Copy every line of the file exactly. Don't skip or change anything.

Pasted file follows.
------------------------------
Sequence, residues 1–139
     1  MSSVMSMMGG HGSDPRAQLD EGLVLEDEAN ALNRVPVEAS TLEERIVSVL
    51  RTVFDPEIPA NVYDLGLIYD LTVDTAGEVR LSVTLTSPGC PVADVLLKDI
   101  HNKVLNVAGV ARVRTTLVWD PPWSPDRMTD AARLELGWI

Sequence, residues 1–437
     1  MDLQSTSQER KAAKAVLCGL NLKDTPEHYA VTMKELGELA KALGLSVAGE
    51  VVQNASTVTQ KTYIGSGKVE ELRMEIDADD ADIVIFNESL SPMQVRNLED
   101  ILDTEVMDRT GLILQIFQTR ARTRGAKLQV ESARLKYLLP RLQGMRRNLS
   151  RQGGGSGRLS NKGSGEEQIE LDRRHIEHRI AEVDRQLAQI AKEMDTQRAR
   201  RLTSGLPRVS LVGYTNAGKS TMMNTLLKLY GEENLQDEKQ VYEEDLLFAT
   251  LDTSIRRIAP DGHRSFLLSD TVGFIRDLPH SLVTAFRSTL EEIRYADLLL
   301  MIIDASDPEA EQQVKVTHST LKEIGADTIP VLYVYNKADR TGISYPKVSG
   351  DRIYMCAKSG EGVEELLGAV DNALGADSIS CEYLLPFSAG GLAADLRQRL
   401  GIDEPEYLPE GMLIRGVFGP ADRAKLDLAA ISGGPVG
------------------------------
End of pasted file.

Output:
Sequence, residues 1–139
     1  MSSVMSMMGG HGSDPRAQLD EGLVLEDEAN ALNRVPVEAS TLEERIVSVL
    51  RTVFDPEIPA NVYDLGLIYD LTVDTAGEVR LSVTLTSPGC PVADVLLKDI
   101  HNKVLNVAGV ARVRTTLVWD PPWSPDRMTD AARLELGWI

Sequence, residues 1–437
     1  MDLQSTSQER KAAKAVLCGL NLKDTPEHYA VTMKELGELA KALGLSVAGE
    51  VVQNASTVTQ KTYIGSGKVE ELRMEIDADD ADIVIFNESL SPMQVRNLED
   101  ILDTEVMDRT GLILQIFQTR ARTRGAKLQV ESARLKYLLP RLQGMRRNLS
   151  RQGGGSGRLS NKGSGEEQIE LDRRHIEHRI AEVDRQLAQI AKEMDTQRAR
   201  RLTSGLPRVS LVGYTNAGKS TMMNTLLKLY GEENLQDEKQ VYEEDLLFAT
   251  LDTSIRRIAP DGHRSFLLSD TVGFIRDLPH SLVTAFRSTL EEIRYADLLL
   301  MIIDASDPEA EQQVKVTHST LKEIGADTIP VLYVYNKADR TGISYPKVSG
   351  DRIYMCAKSG EGVEELLGAV DNALGADSIS CEYLLPFSAG GLAADLRQRL
   401  GIDEPEYLPE GMLIRGVFGP ADRAKLDLAA ISGGPVG